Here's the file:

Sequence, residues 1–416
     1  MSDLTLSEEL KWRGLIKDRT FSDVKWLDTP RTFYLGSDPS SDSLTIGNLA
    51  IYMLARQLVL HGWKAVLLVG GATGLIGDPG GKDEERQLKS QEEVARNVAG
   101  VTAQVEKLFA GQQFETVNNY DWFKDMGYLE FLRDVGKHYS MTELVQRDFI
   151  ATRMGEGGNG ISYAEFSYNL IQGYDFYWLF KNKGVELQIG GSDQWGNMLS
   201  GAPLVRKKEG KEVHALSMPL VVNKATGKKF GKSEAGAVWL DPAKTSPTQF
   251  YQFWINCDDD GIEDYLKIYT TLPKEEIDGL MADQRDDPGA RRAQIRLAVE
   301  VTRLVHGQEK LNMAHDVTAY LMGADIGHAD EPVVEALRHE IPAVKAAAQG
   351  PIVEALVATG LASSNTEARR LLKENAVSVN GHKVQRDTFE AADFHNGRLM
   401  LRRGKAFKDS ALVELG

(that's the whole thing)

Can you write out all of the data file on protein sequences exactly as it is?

Sequence, residues 1–416
     1  MSDLTLSEEL KWRGLIKDRT FSDVKWLDTP RTFYLGSDPS SDSLTIGNLA
    51  IYMLARQLVL HGWKAVLLVG GATGLIGDPG GKDEERQLKS QEEVARNVAG
   101  VTAQVEKLFA GQQFETVNNY DWFKDMGYLE FLRDVGKHYS MTELVQRDFI
   151  ATRMGEGGNG ISYAEFSYNL IQGYDFYWLF KNKGVELQIG GSDQWGNMLS
   201  GAPLVRKKEG KEVHALSMPL VVNKATGKKF GKSEAGAVWL DPAKTSPTQF
   251  YQFWINCDDD GIEDYLKIYT TLPKEEIDGL MADQRDDPGA RRAQIRLAVE
   301  VTRLVHGQEK LNMAHDVTAY LMGADIGHAD EPVVEALRHE IPAVKAAAQG
   351  PIVEALVATG LASSNTEARR LLKENAVSVN GHKVQRDTFE AADFHNGRLM
   401  LRRGKAFKDS ALVELG